Autonomic Interactions in the Control of Heart Rate in the Monkey

Sheldon H. Gottlieb, Bernard T. Engel

Research output: Contribution to journalArticlepeer-review

Abstract

Each of 5 monkeys (Macaca mulatta) was operantly conditioned to raise and to lower heart rate consistently and reliably. Following such training the animals were tested using autonomic blocking agents (methyl‐atropine bromide and 1‐propranolol) to characterize the autonomic mechanisms mediating such control. The results were: 1) In the undrugged animal the extent to which it decreases its heart rate over a 2048‐sec period is a linear function of the baseline heart rate; 2) A linear relationship between baseline heart rate and heart rate decrease also is present within the first 128 sec; 3) There is a less consistent relationship between baseline heart rate and change in heart rate when animals must increase heart rate; 4) Vagal blockade significantly attenuates the ability of most animals to increase heart rate, primarily by reducing their ability to produce large, relatively rapid increases; 5) Sympathetic blockade significantly attenuates the ability of most animals to increase heart rate both in terms of overall changes and in terms of large, relatively rapid responses; 6) Vagal blockade very significantly attenuates the ability of all animals to slow heart rate; 7) Sympathetic blockade facilitates the ability of most animals to slow heart rate. These findings show that both branches of the autonomic nervous system participate in the operant control of heart rate. The relative role of one branch or the other in a given experiment will depend upon the baseline conditions at the time of testing, and upon the requirements—i.e., raising or lowering of heart rate.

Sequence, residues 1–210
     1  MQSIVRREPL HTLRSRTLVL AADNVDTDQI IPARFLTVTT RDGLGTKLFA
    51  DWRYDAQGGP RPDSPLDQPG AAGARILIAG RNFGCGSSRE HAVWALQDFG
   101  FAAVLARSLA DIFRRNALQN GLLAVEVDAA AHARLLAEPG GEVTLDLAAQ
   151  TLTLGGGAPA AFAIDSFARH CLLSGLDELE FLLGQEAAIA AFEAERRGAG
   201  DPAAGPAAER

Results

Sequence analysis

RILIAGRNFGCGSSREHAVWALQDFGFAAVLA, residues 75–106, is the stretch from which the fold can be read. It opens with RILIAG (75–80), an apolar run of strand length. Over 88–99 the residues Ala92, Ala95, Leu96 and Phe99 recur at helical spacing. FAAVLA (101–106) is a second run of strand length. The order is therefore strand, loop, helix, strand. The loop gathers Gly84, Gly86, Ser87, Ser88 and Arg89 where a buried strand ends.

Original languageEnglish (US)
Pages (from-to)528-536
Number of pages9
JournalPSYCHOPHYSIOLOGY
Volume16
Issue number6
DOIs
StatePublished - Nov 1979

Keywords

  • Atropine
  • Autonomic nervous system
  • Heart rate
  • Intrinsic heart rate
  • Monkeys
  • Operant conditioning
  • Propranolol

ASJC Scopus subject areas

  • Neuroscience(all)
  • Neuropsychology and Physiological Psychology
  • Experimental and Cognitive Psychology
  • Neurology
  • Endocrine and Autonomic Systems
  • Developmental Neuroscience
  • Cognitive Neuroscience
  • Biological Psychiatry

Fingerprint Dive into the research topics of 'Autonomic Interactions in the Control of Heart Rate in the Monkey'. Together they form a unique fingerprint.

Cite this